Sunday Morning ~ Thin Ice
Gomo likagamuka, zako umadyeratu. ~ If the riverbank caves in, you eat your food as fast as you can.
~ Chewa proverb
February 16, 2020
The days are getting longer but the temperature is colder and the heath at the end of my road is finally frozen over. It was below zero yesterday but bright and sunny. I love these winter days with cold squeaky snow underfoot and bright sun on my face. I walked with a friend and her dog through the woods until the heath opened in front of us. She’d not been there before and I told her how lovely it was to walk out there in the winter when the ice was solid enough. I usually wait until I can see footprints in the snow, not usually brave enough to be the first one out there. But I felt a little more confident with someone else along so we tentatively took a few steps on the snow covered ice. We bounced a little, then jumped. It seemed solid underfoot so we continued, tentatively at first, then confidently taking in the surroundings. It was gorgeous, the only time of year we can get that particular perspective, walking out on the open heath. We checked out animal prints and tried to decipher which critters had been there before us. With sun on our faces and a happy dog chasing sticks it was a perfect Saturday afternoon winter walk. We reminded each other of how lucky we are to live here, how healthy it was to get out and appreciate how beautiful our winter world is. We talked politics and lamented the current state of affairs. We talked about climate change and worried about what will happen if we don’t change our course soon. It’s February and we are just now walking on the ice. I’m usually out there by Christmas. We discussed the actions we could take, were taking, how to keep ourselves from losing hope. We both enjoy white privilege and recognize that, but we’re both women and have endured our share of discrimination and misogyny. We’re no longer of childbearing age so don’t need to worry about finding a maternity service within driving distance, but both care for and worry about other women. We’re both politically active and independent; can take care of ourselves, cut and stack wood, grow food, care for our children. We’re both healthy and active. We have a lot going for us. We live in a beautiful place, have figured out how to stay warm (enough), have the foresight to plan for the years when we’ll have to moderate our activity and lifestyle. We talked about how we can use our good fortune in life to help others. She knows the outdoors, knows the woods and feels at home there. So do I. The forest calms me and somehow insights about the larger picture can come into view.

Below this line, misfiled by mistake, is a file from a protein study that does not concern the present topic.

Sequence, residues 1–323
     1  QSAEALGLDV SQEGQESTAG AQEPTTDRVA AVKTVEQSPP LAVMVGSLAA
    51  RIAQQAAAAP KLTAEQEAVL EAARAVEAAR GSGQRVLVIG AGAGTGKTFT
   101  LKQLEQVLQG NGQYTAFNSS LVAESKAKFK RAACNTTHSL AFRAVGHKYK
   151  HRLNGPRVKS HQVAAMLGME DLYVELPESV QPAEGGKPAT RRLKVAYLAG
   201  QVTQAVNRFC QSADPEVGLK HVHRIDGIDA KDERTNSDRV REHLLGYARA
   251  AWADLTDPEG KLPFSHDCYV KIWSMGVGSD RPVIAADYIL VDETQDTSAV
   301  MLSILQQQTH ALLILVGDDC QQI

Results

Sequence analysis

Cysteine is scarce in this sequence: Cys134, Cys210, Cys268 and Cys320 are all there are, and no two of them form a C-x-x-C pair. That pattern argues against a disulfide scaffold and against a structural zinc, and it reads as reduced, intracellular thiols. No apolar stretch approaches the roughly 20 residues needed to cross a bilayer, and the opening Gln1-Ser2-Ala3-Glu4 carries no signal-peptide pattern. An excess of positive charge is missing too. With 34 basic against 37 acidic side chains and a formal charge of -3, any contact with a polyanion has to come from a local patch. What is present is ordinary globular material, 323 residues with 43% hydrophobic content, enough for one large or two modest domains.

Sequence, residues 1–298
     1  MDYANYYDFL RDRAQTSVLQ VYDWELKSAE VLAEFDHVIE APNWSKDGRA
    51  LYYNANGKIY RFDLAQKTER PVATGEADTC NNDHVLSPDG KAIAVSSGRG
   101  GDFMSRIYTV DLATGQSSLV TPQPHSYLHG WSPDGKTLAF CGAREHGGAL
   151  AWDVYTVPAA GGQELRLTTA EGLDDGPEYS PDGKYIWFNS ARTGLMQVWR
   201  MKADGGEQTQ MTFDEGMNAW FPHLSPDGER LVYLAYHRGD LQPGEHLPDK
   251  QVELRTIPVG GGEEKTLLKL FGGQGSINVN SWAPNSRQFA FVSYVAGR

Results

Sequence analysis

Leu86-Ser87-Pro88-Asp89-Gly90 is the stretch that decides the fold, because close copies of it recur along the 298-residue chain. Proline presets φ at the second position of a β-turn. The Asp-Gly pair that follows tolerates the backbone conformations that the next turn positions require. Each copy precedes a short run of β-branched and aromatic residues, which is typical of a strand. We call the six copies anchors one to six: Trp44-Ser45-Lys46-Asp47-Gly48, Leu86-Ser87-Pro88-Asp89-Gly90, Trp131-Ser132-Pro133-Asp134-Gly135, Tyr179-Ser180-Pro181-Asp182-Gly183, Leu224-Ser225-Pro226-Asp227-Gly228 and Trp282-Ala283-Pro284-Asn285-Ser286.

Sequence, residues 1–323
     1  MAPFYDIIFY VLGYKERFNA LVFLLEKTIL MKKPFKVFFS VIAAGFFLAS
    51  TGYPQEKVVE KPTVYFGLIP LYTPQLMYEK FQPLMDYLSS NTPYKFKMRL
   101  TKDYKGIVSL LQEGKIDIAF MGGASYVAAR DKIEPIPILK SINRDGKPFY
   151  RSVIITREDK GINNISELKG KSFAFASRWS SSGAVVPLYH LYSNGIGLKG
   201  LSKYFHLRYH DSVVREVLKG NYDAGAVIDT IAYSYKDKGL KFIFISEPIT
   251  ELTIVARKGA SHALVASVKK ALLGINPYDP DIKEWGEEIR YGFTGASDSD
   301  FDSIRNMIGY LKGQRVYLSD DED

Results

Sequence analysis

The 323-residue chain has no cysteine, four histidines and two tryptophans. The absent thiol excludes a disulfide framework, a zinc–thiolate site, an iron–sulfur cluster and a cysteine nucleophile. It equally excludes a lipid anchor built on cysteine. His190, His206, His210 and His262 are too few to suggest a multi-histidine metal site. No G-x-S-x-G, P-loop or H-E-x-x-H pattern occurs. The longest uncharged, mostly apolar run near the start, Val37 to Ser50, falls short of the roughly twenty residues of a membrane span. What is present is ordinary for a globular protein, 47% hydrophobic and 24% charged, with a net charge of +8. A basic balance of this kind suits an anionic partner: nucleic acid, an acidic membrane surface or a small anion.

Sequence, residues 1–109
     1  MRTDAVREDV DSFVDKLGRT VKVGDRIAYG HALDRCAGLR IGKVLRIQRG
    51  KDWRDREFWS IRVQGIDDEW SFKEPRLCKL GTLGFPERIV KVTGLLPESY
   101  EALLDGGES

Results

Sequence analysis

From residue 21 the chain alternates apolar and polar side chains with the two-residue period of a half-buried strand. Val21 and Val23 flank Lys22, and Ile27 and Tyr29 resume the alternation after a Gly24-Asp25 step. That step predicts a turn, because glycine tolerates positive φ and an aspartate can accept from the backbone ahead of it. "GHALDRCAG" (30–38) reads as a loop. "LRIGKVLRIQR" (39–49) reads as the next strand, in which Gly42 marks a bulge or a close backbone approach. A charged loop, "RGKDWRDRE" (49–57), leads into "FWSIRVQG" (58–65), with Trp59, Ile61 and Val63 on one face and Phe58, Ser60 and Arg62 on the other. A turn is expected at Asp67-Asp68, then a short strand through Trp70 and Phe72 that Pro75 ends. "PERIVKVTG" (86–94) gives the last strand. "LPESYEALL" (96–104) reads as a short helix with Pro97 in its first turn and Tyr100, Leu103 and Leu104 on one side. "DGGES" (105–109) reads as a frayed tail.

We stopped to look at a patch of ice not covered by snow and wondered if it were a spring. My friend took a heavy stick and banged on it until the ice cracked. She showed me how you can measure the thickness this way, looking at how deep the cracks went. Fascinating! I’d never known that. I always figured if there were footprints bigger than mine out there, it was safe enough for me! But this opened up a new path to independence and safety. We tried to recall the ice safety chart: how thick ice has to be to hold a person (3 inches), a car (7 inches), a truck (10 inches). The heath is untouched by heavy machines so we couldn’t judge safety by what was sitting on it. The heath is open and wild and beautiful. Nothing but coyote prints…how much does a coyote weigh, I wondered? The cracks in the ice produced by the stick looked to be at least three inches so, reassured, we moved on in the sunlight enjoying the fresh cold air. I was happy. I felt safe. Less than ten steps later I crashed through the ice up to my hip, stopping there only because of the size of the hole my leg made. My butt hit the edge of the ice and my knee hit a submerged log that stopped me from going deeper. There was no warning, no cracking sound, no slow sinking into a boggy spot. This was a sudden plunge and could have been comical if it weren’t so cold. The ice around me was strong enough to haul myself out, thank God, and I stood soaking near the rim, made sure I could walk, retraced my steps, and turned toward home. Well, so much for our walk. That was over. Maybe the submerged log had weakened the ice there, warmed the water or something. We mused about the physics as I slowly walked my bruised butt and knee the two miles home.
Walking back with water sloshing in my boot we thought of analogies for what just happened. We related it to raising teenagers or life in general. Just when you feel you’ve got things under control: caught up on your bills, fixed the car, registered people to vote–– the ice can give out underneath you. I thought of how grateful I was to be walking with someone out there, grateful for my old boots that despite being filled with water, keep my feet warm, grateful that soup was waiting on the stove, that warm dry clothes were just upstairs, that my new water heater can fill my tub for a long hot soak.One step can change everything, but then you have no choice but to deal with it, eat fast, learn from it, teach others, hope they listen, and move on.
Love to all,